June 21-24, 2006, Montreal, Canada INTRODUCTION: Ultrasound (US) imaging has been proposed as a non-invasive method for bone registration during CAOS [1,2,3]. In this technique, an US probe tracked by a 3D localiser acts as a non-invasive bone localisation device. Since the bone surface does not need to be surgically exposed, and a much larger surface area may be sampled, this method is potentially more accurate and faster than conventional direct contact techniques. In most conventional approaches to US-based registration, an A- or B-mode US probe is used to digitise bone surface points [1,3]. In practice, manual identification is still the most reliable way of identifying points from US data, but is too time-consuming to be clinically practical, and US image artefacts make accurate and reliable bone surface identification a challenging task to automate. Furthermore, variations in acoustic properties of soft tissue overlying bone, such as the speed of sound, can introduce significant errors (>5%), which may be particularly problematic in the obese patient where they can translate into a bone localisation error on the order of several millimetres. In this study, we validated two new innovations that address the problems outlined above. In the first, in vivo localisation errors are minimised by adopting a self-calibrating registration algorithm. In the second, the registration algorithm is fully automatic. Full details of the experimental set-up and registration algorithms can be found in [4,5]. METHODS: Three intact human cadavers were used to validate the accuracy of US-based registration of the femur and pelvis to a preoperative CT scan. Between 248 and 576 tracked B-mode US images were acquired for each of the 6 femurs and 3 pelves using an experimental 3D US system developed in our research group. Bone-implanted dynamic reference objects (DROs) were used to define a physical 3D co-ordinate system for each bone. The US probe, DRO and digitizer were all tracked using an NDI Optotrak 3020 localiser. The rigid-body CT-to-patient transformation was determined in three ways: Firstly, by paired-point matching bone-implanted fiducial markers, identified in CT and in physical co-ordinates. The result was used as a Gold Standard transformation to evaluate the accuracy of two US-based registration methods. Secondly, registrations were performed using a self-calibrating version of a standard point-to-surface registration algorithm [4]. A novel feature of this algorithm is the ability to update calibration parameters of the 3D US system. The algorithm was run in two modes: in the first, only the pixel scaling parameter in the direction of the US beam (which is directly related to the average speed of sound) was updated, whereas in the second all calibration parameters were updated. Initial estimates of the calibration parameters were obtained using a phantom. To ensure accurate identification of the bone surface, manual segmentation was used to extract surface points from the US images and a surface from the CT scan. Lastly, registrations were performed using a fully automatic algorithm, which, once trained using independent data, transforms the US and CT images into images where each grey-level pixel/voxel value represents the probability of a bone surface at that location [5]. The algorithm was also self-calibrating, but limited to updating the US axial scaling parameter. For each of the 9 bones, 100 registrations were performed using random initial estimates of the rigid-body parameters determined by simulating paired-point matching of anatomical skin landmarks. The registration accuracy for each bone was calculated as the average root-mean-square target registration error (TRE), computed over the whole bone surface, from 100 trials. At any point on the surface, the TRE may be interpreted as the distance between the point position after registering using the Gold Standard transformation and the point position after registering using the US-based method. The estimated mean TRE of the Gold Standard registration method was 0.8mm. RESULTS: Using the US-point-based registration algorithm, the mean (min-max) TRE over all 9 bones was 2.4 (1.1–3.8) and 2.0 (1.0–3.1) mm, with and without updating the axial scaling parameter, respectively. The corresponding errors for the automatic algorithm were 1.8 (1.0–3.1) and 1.6 (0.7–3.0) mm. Compared with the standard method, updating the scaling parameter during the registration led to a reduction in TRE of up to 33% in the case of the point-based algorithm, and up to 45% for the automatic algorithm. Updating all calibration parameters led to further improvements in the accuracy of the point-based method, yielding a mean TRE of 1.6 (0.5–2.8) mm. Between 42 and 52 of the 900 point-based registrations failed, whereas just one automatic registration failed. CONCLUSIONS: Compared with a conventional US-point-based algorithm, the automatic registration algorithm evaluated in this study was found to be more robust and have slightly better accuracy. Since, this method requires no user interaction following US scanning, it is much more useful in the clinical situation, although the processing time (currently 2–10 mins) needs to be reduced to a clinically acceptable level. Self-calibration improved the accuracy of both methods, in certain cases leading to a large reduction in TRE. We believe that both of these developments constitute significant progress towards making US-based registration a clinically practical tool for computer-assisted procedures. Future work will focus on developing these techniques to achieve this objective. REFERENCES 1. S. Lavallée, et al., "Computer-assisted spinal surgery using anatomy-based registration," in Computer Integrated Surgery: Technology and Clinical Applications, Taylor RH, Lavallée S, Burdea GC, and Mösges R (Eds.), Cambridge, MA: MIT Press, pp. 425-446, 1996. 2. D. Amin, et al., "Ultrasound registration of the bone surface for surgical navigation," Comp. Aid. Surg., vol. 8, pp. 1-16, 2003. 3. S. Heger, et al., "User-Interactive Registration of Bone with A-mode Ultrasound," IEEE Eng. Med. Biol. Mag., vol. 24, pp. 85-95, 2005. 4. D.C. Barratt, et al. "Self-calibrating 3D-ultrasound-based bone registration for minimally invasive orthopedic surgery". IEEE Trans. Med Imag., vol. 25, No. 3, 2006 (In Press) and Proc. MICCAI 2005, LNCS 3749, Springer, pp. 605-612, 2005. 5. G.P. Penney, et al., "Cadaver validation of intensity-based ultrasound-to-CT registration," Med. Imag. Anal., 2006 (In Press) and Proc. MICCAI 2005, LNCS 3750, Springer, pp. 1000-1007, 2005.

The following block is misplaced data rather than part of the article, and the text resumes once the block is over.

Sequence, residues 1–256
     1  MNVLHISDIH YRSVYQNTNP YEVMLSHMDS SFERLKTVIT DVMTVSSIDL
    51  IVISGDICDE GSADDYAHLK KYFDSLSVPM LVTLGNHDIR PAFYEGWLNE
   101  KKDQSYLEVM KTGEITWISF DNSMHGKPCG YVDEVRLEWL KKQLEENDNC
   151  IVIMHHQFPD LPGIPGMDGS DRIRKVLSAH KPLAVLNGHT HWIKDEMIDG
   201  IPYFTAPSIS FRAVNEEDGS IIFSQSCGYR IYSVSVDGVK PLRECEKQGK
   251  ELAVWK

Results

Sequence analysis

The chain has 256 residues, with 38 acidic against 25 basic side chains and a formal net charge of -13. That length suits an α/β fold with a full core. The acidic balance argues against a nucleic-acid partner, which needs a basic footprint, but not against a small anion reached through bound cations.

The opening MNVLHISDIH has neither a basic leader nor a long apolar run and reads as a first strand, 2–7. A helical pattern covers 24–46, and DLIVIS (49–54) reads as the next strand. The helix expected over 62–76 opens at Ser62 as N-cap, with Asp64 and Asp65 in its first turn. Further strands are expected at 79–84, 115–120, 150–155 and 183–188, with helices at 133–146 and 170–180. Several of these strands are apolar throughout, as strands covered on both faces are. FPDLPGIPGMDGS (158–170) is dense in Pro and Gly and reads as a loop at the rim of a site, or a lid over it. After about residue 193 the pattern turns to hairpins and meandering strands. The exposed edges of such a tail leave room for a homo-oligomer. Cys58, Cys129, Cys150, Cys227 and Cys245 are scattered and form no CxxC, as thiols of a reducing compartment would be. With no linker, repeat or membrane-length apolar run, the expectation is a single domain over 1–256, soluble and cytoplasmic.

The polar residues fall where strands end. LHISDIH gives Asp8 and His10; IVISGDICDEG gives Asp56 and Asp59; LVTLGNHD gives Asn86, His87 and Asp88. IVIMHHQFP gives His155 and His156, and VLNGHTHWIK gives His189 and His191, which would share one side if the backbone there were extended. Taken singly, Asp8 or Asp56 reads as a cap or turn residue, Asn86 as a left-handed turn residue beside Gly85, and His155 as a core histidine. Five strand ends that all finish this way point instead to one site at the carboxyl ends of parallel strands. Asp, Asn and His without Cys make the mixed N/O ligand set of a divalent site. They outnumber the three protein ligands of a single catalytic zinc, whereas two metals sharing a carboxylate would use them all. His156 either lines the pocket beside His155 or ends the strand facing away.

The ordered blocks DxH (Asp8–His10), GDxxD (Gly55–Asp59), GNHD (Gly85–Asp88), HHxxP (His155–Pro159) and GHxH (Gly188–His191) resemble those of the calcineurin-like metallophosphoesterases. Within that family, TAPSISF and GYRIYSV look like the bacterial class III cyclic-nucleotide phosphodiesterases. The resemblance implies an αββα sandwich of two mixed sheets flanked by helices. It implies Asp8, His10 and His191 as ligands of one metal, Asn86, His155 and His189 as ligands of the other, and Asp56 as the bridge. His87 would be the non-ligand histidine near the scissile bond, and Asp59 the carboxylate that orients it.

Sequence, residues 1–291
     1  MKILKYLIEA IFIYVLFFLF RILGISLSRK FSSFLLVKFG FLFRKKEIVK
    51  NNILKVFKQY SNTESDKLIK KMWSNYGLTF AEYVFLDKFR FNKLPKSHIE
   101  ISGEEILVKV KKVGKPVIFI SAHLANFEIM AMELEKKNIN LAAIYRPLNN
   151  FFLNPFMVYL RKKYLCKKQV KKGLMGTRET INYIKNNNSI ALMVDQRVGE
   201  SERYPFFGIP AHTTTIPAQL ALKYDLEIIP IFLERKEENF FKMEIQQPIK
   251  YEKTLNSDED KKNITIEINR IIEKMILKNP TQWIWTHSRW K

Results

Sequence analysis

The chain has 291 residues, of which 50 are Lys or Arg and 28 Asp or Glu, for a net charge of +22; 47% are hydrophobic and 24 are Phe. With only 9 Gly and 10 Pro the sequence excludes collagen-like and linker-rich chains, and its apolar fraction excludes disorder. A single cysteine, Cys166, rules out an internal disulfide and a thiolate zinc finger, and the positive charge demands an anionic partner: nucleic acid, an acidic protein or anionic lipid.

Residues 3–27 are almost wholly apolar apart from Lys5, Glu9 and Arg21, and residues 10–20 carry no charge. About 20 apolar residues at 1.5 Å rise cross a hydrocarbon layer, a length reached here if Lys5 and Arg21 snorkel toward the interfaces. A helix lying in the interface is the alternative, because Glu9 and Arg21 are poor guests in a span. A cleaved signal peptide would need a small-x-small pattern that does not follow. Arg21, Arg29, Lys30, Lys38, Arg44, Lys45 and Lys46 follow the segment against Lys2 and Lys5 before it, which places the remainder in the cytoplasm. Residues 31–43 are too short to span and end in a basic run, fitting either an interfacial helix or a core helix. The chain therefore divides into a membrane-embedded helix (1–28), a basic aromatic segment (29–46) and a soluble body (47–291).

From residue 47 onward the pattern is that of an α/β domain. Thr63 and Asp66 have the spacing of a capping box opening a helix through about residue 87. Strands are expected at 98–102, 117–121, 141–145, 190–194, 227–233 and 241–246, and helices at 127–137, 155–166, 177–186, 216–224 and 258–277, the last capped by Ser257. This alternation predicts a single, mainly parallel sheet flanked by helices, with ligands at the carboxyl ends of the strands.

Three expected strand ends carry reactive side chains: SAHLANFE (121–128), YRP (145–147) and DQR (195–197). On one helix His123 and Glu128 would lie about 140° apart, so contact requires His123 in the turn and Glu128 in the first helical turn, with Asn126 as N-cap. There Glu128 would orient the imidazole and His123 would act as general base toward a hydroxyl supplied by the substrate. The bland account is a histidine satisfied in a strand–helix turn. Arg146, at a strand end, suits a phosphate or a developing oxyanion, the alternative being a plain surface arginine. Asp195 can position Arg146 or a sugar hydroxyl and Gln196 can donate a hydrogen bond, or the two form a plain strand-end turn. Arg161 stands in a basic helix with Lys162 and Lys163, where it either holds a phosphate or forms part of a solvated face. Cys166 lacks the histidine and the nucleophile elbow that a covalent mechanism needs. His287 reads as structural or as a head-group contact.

Publication data is maintained in RPS. Visit https://rps.ucl.ac.uk
 More search options
UCL Researchers
Dept of Med Phys & Biomedical Eng
University College London - Gower Street - London - WC1E 6BT Tel:+44 (0)20 7679 2000

© UCL 1999–2011

Search by